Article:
The Liverpool-based developer has called in administrators for two projects in Liverpool and one in Manchester, after failing to raise the necessary funding amid a police investigation into its founder.
Elliot Lawless, who denies fraud allegations against him and Nick Kavanagh, the head of regeneration at Liverpool City Council, has said his company Elliot Group has “explored every option available, but in light of the investigation, existing investors were cautious about backing the projects to their conclusion”.
Lawless and Kavanagh were arrested in December on suspicion of fraud, bribery and corruption. The pair were released on conditional bail and no charges have been brought.
Elliot Group said today it has appointed Paul Cooper and David Rubin from accounting firm David Rubin & Partners in London as joint administrators on the three developments.
News of the administrations follows the announcement that developer-contractor Vermont Group was in talks to take over development of the stalled £100m Aura scheme in Liverpool. Vermont was previously on site as main contractor for the 1,000 bedroom student development at the edge of Liverpool’s Knowledge Quarter.
Vermont was also a contractor on the 38-storey Infinity tower on Leeds Street in Liverpool, as well as Salford’s 34-storey The Residence – the other two schemes in administration.
A spokesperson for Vermont said: “We have engaged with Elliot Group and its investors directly for over a month now in an attempt to find a solution to enable the works to recommence on the Aura scheme in Liverpool.
“We believed there was a solution that would have seen the development successfully through to practical completion, however this needed the agreement and endorsement of all parties under a revised and transparent funding structure.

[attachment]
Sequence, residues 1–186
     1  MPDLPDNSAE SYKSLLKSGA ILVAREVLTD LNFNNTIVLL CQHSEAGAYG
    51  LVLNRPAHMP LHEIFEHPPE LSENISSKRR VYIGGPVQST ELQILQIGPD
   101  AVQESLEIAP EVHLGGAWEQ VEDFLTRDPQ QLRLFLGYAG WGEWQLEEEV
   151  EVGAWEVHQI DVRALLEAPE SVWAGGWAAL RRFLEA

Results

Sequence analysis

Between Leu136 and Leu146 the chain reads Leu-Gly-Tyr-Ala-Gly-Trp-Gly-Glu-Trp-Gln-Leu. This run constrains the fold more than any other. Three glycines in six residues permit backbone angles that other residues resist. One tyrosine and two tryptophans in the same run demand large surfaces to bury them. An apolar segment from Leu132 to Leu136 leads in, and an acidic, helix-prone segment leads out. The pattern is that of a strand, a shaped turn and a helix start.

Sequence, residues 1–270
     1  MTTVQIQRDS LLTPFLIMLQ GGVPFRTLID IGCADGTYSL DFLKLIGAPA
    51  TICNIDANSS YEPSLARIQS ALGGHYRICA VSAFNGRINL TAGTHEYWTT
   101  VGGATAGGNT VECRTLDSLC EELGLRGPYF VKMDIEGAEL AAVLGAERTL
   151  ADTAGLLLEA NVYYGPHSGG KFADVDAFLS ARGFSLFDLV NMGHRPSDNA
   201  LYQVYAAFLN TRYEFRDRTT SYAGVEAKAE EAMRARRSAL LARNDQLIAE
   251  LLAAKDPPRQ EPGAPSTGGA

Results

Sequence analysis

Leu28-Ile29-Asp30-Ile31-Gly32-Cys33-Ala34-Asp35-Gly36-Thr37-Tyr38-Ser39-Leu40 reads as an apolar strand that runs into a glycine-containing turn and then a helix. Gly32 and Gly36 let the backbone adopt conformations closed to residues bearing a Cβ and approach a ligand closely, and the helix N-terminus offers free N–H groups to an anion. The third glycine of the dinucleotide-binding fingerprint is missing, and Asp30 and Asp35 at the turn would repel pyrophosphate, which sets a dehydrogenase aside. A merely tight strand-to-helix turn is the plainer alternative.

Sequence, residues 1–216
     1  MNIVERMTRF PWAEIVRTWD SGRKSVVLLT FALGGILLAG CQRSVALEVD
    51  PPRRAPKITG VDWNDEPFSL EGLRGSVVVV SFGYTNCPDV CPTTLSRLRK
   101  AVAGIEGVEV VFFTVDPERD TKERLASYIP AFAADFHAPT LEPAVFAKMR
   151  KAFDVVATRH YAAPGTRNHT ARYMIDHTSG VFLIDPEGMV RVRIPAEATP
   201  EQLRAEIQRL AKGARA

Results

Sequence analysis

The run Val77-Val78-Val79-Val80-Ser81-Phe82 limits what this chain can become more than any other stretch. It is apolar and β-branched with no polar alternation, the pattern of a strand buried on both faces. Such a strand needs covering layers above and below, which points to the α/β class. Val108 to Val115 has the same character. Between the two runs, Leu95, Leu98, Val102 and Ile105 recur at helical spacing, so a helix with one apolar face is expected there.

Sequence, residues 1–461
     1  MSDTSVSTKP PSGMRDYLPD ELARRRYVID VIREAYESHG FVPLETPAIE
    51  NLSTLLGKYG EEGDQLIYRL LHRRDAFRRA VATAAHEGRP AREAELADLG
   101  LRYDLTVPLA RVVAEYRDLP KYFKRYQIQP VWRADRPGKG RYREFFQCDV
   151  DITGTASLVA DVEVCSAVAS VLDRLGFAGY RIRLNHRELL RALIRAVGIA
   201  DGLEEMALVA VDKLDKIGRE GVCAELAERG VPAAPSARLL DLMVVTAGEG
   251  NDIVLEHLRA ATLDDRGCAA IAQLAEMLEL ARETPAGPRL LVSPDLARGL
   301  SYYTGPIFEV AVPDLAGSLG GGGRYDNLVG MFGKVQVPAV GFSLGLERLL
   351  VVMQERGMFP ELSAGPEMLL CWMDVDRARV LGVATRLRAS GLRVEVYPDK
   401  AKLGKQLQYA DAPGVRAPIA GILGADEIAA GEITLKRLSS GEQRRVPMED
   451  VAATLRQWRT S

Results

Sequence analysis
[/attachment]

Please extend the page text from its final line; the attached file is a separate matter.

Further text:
“Regrettably, we were unable to agree terms and the necessary security provisions with Elliot Group in respect of Aura and have had no alternative but to withdraw from these discussions.
“The Vermont team are extremely disappointed at this outcome, however we remain committed to assisting all parties in exploring how this project can be completed in due course.”
Lawless said: “As we enter the administration process, we’ll continue to work proactively with investors to explore how we can help them crystallise their investments and get the projects completed.
“They are good schemes in great locations, and I want to see them through. We’ve delivered 100% of all our schemes in the past and I am intent on maintaining that track record.”
At the end of February, Lawless pledged to inject his own funds into the ailing schemes. He said his focus now is on working with the administrator to keep the projects alive.
“It has been a challenge for me dealing with the police investigation, but it’s nothing compared to the fact that hundreds of great workers have lost their jobs and investors’ funds are at risk.”